Here’s a curious one. A few weeks back, I tweeted this:
I never use 3D Touch.
— the beach baller (@thebeachballer) March 22, 2016
And, while on my morning dog walk earlier today, I realised that, actually, that isn’t quite right. I do use 3D Touch. Quite a lot.
This thought was in part prompted by Serenity Caldwell’s recent post on that very subject. Caldwell argues that 3D Touch is an niche iPhone feature she simply can’t live without, and I think she’s hit the nail on the head.
Along with the usual – and increasingly unnoticeable to anyone without a trained photographic eye – changes to the lens system, 3D touch was billed as the ‘big’ S upgrade feature last year when the iPhone 6S and 6S Plus were launched. In reality, and much like Touch ID before it, 3D Touch’s influence on our every day lives is far less dramatic.
Certainly, it has slotted into my daily iPhone usage seemingly under the radar and to the point where it has quickly established itself as the norm.
So, how do I use 3D Touch? To reposition the cursor when writing text. That’s it. No peeping into web links, no shortcuts from springboard app icons and certainly no mail preview shenanigans. I use it as a quasi mouse pointer – a method by which to make interacting with an onscreen cursor just that little bit easier.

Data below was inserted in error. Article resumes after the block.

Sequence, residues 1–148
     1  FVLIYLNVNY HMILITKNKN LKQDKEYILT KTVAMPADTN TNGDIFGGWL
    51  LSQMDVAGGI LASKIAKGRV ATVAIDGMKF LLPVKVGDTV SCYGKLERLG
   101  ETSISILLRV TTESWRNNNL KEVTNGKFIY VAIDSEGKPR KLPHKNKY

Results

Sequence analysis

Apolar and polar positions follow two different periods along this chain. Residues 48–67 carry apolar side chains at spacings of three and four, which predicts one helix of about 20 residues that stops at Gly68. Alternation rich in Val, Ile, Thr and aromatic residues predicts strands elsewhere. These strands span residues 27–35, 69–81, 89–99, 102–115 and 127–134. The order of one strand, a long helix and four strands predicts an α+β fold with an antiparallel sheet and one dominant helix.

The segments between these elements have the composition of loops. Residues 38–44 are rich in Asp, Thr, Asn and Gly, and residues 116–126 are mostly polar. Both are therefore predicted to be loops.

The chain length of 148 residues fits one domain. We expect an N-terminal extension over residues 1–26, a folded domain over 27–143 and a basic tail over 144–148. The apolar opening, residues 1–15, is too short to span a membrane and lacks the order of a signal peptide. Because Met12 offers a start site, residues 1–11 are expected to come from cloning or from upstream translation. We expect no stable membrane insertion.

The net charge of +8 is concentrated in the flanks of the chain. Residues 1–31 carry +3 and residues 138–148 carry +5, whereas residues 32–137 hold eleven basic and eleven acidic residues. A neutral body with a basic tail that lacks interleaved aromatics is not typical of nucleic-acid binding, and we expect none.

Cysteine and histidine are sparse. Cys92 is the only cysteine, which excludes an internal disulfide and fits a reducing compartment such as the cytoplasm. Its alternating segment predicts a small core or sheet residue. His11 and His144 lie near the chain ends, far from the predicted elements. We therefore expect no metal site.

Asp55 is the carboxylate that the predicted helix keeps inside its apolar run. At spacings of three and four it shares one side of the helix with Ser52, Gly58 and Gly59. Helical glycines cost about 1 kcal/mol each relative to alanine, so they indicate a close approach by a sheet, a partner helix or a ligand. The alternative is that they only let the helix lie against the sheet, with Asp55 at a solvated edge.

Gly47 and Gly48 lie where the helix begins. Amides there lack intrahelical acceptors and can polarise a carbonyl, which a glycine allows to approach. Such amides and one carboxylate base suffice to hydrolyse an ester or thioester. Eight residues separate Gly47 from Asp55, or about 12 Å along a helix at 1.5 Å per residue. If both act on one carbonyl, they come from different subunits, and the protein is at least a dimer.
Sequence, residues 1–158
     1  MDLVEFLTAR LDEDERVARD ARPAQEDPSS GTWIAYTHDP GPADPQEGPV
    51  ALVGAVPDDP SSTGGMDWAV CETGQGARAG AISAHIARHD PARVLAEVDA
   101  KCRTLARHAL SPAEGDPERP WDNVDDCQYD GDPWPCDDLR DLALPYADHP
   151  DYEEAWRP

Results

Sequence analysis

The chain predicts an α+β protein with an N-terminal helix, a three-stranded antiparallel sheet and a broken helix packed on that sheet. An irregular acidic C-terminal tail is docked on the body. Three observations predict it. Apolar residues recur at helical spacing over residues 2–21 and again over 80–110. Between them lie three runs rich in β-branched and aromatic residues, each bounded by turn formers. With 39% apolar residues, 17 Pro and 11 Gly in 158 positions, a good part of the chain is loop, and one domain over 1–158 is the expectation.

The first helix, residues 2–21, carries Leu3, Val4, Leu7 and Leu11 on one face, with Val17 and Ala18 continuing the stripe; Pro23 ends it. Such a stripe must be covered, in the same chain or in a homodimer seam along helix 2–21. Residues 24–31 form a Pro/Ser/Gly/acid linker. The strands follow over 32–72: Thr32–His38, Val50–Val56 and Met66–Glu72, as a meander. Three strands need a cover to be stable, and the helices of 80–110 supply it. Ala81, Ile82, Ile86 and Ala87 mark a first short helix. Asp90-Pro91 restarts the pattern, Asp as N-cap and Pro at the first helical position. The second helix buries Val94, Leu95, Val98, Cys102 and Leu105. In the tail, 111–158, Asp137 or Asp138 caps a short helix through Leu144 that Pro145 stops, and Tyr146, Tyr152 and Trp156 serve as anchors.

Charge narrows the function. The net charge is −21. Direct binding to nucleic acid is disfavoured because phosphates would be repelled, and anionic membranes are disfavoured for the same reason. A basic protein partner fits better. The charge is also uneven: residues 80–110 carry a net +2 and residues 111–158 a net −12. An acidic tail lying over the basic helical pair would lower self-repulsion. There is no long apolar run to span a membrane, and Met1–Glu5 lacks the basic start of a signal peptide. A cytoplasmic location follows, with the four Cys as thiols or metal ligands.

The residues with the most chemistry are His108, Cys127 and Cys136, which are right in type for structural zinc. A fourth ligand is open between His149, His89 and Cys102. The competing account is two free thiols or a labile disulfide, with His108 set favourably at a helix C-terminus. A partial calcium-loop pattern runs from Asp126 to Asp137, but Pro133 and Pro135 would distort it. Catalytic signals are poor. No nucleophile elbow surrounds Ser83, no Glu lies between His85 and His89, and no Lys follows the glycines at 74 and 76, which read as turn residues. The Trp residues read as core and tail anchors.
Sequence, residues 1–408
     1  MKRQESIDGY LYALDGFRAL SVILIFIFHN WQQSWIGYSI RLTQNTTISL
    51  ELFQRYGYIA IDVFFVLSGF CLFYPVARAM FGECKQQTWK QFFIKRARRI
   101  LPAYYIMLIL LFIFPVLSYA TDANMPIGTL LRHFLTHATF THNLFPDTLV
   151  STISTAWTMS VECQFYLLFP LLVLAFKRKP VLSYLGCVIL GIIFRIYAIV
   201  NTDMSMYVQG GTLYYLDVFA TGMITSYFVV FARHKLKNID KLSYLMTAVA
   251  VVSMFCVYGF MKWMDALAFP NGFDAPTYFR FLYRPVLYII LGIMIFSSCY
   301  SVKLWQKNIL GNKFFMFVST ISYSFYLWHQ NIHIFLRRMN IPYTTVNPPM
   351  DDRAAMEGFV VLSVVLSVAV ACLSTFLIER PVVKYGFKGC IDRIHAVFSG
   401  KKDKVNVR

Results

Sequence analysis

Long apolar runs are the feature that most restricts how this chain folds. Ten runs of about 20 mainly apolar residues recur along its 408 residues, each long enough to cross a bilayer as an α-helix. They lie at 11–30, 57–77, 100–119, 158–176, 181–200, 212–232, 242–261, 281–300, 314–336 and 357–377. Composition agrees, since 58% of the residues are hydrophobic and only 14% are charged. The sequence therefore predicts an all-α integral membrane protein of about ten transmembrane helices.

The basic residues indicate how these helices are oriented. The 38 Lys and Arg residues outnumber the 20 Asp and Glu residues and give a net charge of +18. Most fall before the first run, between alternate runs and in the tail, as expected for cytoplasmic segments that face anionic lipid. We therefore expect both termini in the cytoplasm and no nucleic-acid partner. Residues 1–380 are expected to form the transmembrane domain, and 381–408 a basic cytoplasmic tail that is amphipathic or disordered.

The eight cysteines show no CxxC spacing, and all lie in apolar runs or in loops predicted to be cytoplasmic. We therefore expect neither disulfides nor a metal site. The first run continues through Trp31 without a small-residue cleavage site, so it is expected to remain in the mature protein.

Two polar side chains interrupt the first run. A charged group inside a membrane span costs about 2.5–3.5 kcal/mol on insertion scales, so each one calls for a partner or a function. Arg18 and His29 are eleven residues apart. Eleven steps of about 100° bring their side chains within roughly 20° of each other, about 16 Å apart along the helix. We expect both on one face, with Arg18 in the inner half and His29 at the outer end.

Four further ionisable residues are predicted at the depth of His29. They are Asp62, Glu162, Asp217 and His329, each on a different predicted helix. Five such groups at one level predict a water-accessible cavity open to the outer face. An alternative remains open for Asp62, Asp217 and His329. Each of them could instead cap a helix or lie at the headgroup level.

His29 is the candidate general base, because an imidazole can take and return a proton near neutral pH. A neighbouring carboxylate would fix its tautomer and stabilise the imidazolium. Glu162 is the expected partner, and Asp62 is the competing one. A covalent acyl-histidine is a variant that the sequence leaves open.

Did Apple intend for this? Perhaps its simply affirmation of where they’ve always intended to score highly – by bringing sophisticated tech to the masses and making it intrinsically approachable and useful. Sure, there’s plenty of headline-grabbing fluff surrounding the ability to press firmly on the iPhone screen in order to delve deeper into iOS, but in every day use, its impact is far more subtle. Subtle is good. Subtle makes all of our lives easier.
I take it back. I am a closet 3D Touch user.